Dyslipidemia in HIV patients
Marisa Tungsiripat, MD
Department of Infectious Diseases, The Cleveland Clinic Foundation
Judith A. Aberg, MD
Associate Professor of Medicine, Director of HIV, Bellevue Hospital Center, Director of AIDS Clinical Trials Unit, New York University
Address: Marisa Tungsiripat, MD, Department of Infectious Diseases, S32, The Cleveland Clinic Foundation, 9500 Euclid Avenue, Cleveland, OH 44195; email@example.com
Dr. Aberg has indicated that she is a consultant for Bristol-Myers Squibb, Boehringer-Ingelheim, Gilead Sciences, and Glaxo-SmithKline. She received research support from Bristol-Myers Squibb, Abbott, and Merck and is active in the leadership for the National Institute of Allergy and Infectious Diseases-sponsored AIDS Clinical Trials Group.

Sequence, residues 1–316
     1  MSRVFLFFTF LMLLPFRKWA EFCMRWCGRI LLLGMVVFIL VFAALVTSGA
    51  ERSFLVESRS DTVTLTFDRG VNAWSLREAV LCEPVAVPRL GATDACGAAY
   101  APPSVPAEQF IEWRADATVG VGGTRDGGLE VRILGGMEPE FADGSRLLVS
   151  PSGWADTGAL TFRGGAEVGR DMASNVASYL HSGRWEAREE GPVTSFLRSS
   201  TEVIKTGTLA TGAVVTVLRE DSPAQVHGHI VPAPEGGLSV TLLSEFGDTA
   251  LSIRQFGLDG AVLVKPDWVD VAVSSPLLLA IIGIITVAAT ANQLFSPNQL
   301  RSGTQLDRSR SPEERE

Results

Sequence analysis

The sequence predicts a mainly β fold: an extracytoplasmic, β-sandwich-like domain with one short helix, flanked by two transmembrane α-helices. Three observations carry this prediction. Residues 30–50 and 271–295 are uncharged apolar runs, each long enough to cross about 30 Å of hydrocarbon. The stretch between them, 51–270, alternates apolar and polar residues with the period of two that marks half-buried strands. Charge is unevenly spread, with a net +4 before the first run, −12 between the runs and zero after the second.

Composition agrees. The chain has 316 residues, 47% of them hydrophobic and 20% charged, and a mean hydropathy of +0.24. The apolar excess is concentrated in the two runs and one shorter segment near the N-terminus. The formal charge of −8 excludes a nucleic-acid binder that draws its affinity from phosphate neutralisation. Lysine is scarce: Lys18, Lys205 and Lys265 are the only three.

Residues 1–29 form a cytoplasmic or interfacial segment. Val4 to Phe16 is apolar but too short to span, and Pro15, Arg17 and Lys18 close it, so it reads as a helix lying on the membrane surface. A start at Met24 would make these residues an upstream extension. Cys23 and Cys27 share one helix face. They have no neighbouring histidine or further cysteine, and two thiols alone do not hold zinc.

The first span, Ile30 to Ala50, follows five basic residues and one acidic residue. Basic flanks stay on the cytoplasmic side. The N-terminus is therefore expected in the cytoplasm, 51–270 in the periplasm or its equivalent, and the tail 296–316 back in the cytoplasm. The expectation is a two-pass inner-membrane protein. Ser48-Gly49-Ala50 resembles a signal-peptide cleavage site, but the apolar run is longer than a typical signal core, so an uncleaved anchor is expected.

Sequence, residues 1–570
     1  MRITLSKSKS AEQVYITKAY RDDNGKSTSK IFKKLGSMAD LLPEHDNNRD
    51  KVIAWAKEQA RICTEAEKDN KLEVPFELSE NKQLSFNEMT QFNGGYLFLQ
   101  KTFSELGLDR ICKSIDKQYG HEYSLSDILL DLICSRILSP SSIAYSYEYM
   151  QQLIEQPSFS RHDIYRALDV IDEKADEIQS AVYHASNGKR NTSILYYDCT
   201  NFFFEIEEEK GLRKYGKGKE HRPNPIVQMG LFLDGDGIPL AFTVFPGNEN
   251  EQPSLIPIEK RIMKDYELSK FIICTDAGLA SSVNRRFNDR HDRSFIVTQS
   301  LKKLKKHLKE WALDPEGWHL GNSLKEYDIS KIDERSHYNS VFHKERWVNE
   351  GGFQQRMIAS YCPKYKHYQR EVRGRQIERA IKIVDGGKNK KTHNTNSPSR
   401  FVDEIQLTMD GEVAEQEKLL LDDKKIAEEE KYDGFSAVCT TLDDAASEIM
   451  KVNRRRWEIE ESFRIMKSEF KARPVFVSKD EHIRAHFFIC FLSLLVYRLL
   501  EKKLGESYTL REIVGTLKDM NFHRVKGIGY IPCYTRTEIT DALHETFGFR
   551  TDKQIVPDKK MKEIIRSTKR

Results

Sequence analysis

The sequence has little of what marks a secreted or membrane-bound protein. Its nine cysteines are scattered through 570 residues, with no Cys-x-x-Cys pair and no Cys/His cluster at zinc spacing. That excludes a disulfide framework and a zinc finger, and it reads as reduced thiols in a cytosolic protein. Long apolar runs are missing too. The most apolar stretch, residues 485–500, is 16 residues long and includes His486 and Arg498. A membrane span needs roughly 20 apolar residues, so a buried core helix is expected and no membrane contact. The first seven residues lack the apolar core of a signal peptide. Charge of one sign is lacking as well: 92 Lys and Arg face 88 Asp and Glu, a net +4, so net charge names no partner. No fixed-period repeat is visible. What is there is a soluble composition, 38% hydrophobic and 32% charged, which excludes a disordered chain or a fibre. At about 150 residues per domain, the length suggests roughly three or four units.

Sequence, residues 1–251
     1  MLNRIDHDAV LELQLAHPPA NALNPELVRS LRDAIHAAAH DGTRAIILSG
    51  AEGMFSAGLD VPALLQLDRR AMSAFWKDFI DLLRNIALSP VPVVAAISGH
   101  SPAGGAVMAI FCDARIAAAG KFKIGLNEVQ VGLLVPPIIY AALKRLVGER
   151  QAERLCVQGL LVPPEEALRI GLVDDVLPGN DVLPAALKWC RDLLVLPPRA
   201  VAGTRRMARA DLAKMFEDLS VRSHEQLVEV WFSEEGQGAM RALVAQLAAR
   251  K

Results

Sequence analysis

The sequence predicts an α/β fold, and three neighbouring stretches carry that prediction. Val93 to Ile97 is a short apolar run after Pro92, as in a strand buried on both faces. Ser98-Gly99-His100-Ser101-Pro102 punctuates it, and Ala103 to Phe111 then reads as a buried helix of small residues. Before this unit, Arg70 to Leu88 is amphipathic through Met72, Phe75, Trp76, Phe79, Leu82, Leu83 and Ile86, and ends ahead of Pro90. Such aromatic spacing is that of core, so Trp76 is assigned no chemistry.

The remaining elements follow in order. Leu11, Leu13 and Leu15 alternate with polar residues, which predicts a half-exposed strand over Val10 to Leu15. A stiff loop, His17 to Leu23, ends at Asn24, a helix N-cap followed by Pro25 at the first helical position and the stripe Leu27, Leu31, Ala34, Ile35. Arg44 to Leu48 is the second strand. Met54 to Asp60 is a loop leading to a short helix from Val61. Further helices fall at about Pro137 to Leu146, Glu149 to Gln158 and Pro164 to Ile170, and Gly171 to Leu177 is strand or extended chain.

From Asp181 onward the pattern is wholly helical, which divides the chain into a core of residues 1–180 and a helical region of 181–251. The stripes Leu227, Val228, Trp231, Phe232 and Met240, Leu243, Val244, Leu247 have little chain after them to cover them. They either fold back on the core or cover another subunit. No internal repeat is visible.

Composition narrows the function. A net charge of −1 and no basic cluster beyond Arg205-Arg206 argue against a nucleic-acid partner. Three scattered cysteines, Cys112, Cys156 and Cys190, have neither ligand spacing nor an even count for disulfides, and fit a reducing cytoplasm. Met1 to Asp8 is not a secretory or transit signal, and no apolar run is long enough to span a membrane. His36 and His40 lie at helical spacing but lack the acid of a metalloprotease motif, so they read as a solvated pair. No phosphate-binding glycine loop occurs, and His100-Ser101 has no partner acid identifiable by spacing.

ABSTRACTThanks to antiretroviral therapy, people with human immunodeficiency virus (HIV) infection are living longer, but as they do, non-HIV medical problems become more relevant. In particular, dyslipidemia, an important reversible risk factor for cardiovascular disease, has been linked to HIV infection and its treatment. Although controversy remains as to whether people with HIV infections will develop premature coronary heart disease, it seems prudent to manage dyslipidemia in these patients just as we do in our HIV-negative patients. Interactions between lipid-lowering drugs and antiretroviral drugs require special attention.